Veteran infielder Nick Punto has decided to officially retire, he announced last night on Dodgers Talk with David Vassegh (audio link). Punto signed a minor league deal with the D-backs last offseason but had a change of heart and backed out of the deal and sat out the 2015 season due to a desire to spend more time with his family. While Arizona manager Chip Hale stressed at the time that Punto was not retiring, it seems that the versatile utility man has now elected to formally conclude his playing career after spending parts of 14 seasons in the Majors.
The 38-year-old Punto was originally a 21st-round pick of the Phillies back in 1998 and saw limited action in Philly from 2001-03 before being packaged alongside Carlos Silva and Bobby Korecky to acquire lefty Eric Milton from the Twins. Punto served as a utility option for the Twins in 2004-05 before spending much of the 2006 season as Minnesota’s everyday third baseman and batting .290/.352/.373 with brilliant defense in what was the best all-around season of his career. Punto helped propel the Twins to a postseason berth that year — one of four trips to the playoffs he had with that organization — but it wasn’t until his 2011 campaign with the Cardinals that Punto was able to reach a World Series and experience the feeling of capturing a World Series title.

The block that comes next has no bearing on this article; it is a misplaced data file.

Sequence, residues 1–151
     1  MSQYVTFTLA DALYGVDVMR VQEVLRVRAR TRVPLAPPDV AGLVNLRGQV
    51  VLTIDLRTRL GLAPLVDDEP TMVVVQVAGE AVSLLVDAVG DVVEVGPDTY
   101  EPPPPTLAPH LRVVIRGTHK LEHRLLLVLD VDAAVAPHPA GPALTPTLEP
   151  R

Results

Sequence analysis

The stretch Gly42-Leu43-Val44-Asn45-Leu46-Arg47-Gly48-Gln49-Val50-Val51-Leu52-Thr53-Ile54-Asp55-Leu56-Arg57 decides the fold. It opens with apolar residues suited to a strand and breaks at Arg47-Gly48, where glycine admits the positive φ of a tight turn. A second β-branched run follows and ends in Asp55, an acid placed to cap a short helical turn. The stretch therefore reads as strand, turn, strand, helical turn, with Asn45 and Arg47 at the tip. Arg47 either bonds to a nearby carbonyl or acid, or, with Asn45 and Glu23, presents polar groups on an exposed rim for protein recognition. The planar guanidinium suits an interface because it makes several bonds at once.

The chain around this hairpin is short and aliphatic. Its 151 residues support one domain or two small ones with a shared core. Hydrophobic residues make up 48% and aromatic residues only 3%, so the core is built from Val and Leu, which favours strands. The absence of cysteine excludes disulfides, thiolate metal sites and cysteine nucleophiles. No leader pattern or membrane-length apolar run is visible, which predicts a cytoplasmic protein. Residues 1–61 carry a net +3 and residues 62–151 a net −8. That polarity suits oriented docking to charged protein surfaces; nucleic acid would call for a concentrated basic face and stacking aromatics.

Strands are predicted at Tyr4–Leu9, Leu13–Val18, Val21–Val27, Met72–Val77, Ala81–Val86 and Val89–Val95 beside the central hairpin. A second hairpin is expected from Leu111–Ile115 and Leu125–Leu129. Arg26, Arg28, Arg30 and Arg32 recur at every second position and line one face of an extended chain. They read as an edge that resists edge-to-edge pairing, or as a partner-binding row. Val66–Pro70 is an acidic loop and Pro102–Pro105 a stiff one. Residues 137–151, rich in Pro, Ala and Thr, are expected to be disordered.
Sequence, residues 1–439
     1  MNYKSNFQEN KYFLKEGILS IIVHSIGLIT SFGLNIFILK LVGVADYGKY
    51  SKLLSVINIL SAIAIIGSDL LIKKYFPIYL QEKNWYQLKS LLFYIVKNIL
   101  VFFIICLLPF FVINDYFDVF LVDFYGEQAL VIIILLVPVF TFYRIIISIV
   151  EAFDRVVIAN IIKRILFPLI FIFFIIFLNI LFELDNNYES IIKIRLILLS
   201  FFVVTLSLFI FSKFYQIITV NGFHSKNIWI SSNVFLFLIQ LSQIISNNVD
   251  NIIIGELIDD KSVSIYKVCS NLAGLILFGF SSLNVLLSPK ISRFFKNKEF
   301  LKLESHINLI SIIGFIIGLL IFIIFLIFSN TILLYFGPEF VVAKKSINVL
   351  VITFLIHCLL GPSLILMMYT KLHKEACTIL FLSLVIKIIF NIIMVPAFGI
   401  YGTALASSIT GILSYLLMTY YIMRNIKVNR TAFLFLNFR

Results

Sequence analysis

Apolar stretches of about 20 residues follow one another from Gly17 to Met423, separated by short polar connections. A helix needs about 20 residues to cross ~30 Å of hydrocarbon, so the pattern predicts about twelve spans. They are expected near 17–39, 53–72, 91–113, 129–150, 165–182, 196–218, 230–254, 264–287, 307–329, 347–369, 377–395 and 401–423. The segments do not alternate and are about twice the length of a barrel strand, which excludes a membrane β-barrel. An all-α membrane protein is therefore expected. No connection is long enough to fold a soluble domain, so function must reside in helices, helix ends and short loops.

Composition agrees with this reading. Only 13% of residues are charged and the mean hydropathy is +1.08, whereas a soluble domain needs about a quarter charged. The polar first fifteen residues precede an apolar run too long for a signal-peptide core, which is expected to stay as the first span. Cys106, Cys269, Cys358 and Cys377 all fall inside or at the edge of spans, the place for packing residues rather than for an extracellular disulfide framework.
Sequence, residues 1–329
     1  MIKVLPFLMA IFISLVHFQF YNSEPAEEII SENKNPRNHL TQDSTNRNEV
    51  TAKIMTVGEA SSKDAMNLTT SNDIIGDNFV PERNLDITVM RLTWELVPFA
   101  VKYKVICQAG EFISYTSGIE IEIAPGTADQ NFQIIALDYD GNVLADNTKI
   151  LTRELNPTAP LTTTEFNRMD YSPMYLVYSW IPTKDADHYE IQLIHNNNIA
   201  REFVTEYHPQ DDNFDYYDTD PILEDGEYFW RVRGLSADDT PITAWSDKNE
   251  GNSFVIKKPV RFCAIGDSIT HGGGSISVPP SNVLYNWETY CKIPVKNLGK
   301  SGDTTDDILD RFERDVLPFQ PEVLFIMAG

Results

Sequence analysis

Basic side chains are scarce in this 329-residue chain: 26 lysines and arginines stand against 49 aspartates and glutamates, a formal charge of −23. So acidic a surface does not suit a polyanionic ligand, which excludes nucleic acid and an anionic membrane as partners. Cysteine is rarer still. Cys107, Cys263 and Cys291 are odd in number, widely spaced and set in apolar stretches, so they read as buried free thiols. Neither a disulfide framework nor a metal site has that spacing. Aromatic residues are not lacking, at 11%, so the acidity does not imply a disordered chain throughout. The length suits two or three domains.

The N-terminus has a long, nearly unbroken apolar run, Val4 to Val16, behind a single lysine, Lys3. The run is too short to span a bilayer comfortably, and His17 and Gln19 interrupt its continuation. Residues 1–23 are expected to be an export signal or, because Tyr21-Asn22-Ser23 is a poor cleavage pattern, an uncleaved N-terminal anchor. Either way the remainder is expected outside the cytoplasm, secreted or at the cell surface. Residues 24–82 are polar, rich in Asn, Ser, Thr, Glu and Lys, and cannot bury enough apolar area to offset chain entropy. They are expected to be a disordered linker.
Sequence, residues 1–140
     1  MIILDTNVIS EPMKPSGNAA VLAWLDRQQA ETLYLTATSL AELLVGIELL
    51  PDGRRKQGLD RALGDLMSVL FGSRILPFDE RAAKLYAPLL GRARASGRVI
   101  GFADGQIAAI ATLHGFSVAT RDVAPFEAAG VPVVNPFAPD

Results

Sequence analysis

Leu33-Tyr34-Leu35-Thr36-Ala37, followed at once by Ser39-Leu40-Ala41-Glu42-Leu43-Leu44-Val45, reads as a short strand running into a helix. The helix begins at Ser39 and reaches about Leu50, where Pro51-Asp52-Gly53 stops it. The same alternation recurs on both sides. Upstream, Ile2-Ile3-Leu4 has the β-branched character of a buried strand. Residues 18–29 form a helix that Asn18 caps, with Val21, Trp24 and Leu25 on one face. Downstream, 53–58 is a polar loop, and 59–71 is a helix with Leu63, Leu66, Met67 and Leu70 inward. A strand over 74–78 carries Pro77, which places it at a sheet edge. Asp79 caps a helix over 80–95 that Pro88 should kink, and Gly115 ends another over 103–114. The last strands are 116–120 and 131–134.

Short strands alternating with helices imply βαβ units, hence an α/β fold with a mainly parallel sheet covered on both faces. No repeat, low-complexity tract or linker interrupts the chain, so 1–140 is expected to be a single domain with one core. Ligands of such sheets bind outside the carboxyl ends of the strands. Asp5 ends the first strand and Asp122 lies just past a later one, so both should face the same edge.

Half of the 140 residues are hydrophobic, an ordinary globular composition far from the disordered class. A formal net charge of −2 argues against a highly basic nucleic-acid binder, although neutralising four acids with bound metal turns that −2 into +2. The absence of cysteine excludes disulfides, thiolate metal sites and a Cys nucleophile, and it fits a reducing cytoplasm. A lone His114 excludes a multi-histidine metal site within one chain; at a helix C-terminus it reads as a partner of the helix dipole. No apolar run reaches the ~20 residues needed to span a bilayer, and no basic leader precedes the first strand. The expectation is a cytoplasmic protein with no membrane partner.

Punto’s overall offensive contributions in his Major League career were modest, at best, as he’ll retire with a .245/.323/.323 batting line in 3734 plate appearances between the Phillies, Twins, Cardinals, Red Sox, Dodgers and Athletics. However, Punto was a brilliant defender at three different positions: third base (+40 Defensive Runs Saved, +20.6 UZR/150 in his career), shortstop (+21 DRS, +17.4 UZR/150) and second base (+21 DRS, +5.7 UZR/150). Punto brought plenty of speed to the table, as evidenced by his 104 career steals, and he was known for his competitive nature and hard-nosed style of play, which earned him his nickname: “The Shredder.” That attitude and his brilliant defense helped Punto to earn more than $23MM in his playing career, per Baseball-Reference. We at MLBTR wish Punto and his family continued success and happiness in his post-playing endeavors.